We humans can be inclined to live everywhere but in the present. It is so easy to waste this moment. This time we have now, we lose it so fast…and we miss it so easily. We can waste it with worry, or just as easily with wishing. Before you know it, right now is gone forever. And since “right now” is all that we ever have, if we go on missing “right now,” then we will miss all the life we will ever live.
This time, this “now,” is what I can affect. It is where I can actually exist. So what will I do with it?
Sometimes, I know, “now” is really painful. Sometimes we just want “now” to end. Yet even when the present is painful, it has purpose to it. We can see as much blessing, be as much blessing, or just hold on as well as possible. The alternative is that we can waste the moment we have (in ways such as those listed in the first paragraph) with no guarantee that the moments we end up getting down the road will ever be better. I slowly begin to wonder if mishandling the present isn’t one of the most efficient ways to make the world an ugly place.
There may be something very big that you are hoping happens to you someday. You may be thinking that “When that happens, then…” What about “now”? After all, what if “then” never happens? Or what if it doesn’t happen for a long time? Sometimes we put things off when we could choose to start making a difference, bettering ourselves, or growing now.
At the risk of sounding cliché, one of the things we are very bad about putting off is dealing with relationships with other people. We can come up with many reasons to not take positive steps toward loving those near to us “now.” However, once you have been through the loss of a loved one, you start realizing the tragic potential of putting off loving those around us.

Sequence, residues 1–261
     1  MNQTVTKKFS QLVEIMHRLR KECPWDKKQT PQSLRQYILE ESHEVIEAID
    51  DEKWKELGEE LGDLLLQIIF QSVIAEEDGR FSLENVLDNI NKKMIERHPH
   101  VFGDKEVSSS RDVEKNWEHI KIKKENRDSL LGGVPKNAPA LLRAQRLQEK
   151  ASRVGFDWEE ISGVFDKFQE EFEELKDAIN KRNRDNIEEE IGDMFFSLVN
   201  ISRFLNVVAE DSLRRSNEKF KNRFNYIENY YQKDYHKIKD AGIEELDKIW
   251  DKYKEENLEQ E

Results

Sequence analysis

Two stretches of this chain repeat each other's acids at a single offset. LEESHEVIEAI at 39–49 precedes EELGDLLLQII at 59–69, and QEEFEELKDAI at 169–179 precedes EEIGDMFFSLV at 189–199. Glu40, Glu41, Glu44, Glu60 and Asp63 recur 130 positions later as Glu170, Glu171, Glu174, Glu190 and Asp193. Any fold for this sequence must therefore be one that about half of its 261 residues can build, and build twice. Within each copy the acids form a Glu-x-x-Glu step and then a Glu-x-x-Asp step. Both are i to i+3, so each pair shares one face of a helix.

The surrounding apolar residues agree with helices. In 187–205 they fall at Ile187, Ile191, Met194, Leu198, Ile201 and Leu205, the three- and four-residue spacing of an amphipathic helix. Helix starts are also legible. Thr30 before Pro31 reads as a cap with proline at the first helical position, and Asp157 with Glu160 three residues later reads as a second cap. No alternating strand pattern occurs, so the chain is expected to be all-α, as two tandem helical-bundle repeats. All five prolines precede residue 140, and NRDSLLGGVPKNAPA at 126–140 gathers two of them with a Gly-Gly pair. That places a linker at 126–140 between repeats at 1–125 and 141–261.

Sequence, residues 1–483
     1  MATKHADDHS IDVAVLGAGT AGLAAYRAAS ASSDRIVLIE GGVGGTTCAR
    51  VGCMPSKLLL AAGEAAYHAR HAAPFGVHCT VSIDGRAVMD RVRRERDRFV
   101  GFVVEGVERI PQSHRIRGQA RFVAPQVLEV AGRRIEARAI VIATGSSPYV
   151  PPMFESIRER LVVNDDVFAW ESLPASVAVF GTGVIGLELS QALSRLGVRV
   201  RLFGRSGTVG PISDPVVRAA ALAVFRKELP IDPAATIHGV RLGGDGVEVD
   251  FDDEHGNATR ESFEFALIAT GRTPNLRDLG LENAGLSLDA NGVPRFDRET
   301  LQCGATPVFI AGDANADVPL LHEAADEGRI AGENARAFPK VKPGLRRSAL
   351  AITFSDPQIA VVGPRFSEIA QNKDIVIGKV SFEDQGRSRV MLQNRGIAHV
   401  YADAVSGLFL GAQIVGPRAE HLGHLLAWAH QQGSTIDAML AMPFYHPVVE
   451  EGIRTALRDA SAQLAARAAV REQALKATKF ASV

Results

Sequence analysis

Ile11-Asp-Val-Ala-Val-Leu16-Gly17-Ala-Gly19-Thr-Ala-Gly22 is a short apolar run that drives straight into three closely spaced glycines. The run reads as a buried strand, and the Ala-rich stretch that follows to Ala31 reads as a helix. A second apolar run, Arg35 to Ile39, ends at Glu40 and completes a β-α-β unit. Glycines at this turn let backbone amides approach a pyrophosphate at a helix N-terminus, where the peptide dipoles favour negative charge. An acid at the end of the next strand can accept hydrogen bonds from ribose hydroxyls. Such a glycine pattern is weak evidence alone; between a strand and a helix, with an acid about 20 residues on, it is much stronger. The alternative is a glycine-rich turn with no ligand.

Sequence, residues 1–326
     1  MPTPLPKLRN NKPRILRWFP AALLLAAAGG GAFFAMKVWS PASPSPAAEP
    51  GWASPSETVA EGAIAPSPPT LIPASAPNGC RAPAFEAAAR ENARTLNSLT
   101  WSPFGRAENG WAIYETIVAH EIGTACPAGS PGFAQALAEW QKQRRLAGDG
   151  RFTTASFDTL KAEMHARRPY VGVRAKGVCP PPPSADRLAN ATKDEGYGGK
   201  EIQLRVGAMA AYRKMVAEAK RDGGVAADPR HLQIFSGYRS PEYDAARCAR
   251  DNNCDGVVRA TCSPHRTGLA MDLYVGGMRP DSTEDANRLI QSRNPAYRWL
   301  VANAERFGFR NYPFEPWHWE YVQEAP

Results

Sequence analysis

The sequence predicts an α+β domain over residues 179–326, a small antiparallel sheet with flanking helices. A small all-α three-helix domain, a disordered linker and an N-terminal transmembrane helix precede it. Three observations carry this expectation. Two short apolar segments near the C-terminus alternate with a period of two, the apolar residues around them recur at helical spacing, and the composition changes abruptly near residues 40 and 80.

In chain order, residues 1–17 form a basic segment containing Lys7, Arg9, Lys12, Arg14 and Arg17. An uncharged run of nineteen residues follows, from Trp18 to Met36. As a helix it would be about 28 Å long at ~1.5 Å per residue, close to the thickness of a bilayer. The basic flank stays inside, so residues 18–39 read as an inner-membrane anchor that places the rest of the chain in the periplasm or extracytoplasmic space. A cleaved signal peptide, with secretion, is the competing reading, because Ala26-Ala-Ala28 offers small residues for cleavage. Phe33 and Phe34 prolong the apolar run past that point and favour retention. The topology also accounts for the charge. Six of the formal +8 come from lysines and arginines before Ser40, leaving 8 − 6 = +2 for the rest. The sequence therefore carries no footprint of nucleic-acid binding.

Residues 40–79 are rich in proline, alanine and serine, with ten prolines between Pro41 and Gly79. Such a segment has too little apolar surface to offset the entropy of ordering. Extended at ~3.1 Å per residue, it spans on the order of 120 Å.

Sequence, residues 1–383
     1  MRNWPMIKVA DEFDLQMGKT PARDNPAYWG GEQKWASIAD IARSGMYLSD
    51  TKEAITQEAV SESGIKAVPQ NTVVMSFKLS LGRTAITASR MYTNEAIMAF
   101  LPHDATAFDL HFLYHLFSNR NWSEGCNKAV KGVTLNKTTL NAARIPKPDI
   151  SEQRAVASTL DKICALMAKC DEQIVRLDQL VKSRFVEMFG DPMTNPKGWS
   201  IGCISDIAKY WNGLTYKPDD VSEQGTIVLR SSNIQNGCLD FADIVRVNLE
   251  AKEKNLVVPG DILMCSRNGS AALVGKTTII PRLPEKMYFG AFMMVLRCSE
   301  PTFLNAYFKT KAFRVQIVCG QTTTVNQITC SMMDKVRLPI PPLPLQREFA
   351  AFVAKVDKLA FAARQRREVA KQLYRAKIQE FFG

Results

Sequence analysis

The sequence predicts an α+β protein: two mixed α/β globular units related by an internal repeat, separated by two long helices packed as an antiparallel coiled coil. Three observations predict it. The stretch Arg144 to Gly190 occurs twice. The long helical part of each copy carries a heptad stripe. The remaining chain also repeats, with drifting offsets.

But what if we’re afraid? What if we are holding back on “now” because whatever we are thinking of doing seems too daunting, too scary? What if it just feels too hard? What if we are choosing not to act now because we are hoping somehow we will feel stronger down the road?
I know that feeling. The decisions, new approaches, and changes we hope to make don’t have to be big for us to be afraid of them. Yet I have been told in my moments of greatest fear, “Don’t be afraid.” Slowly, I think I’m learning to listen.
I have one very good reason to not be afraid. It does not have to do with me or how strong I am. It has to do with the fact that someone else will help me. To find out more, please check out the “about” section of this blog. And please take a moment to simply appreciate how you can live your life in the present.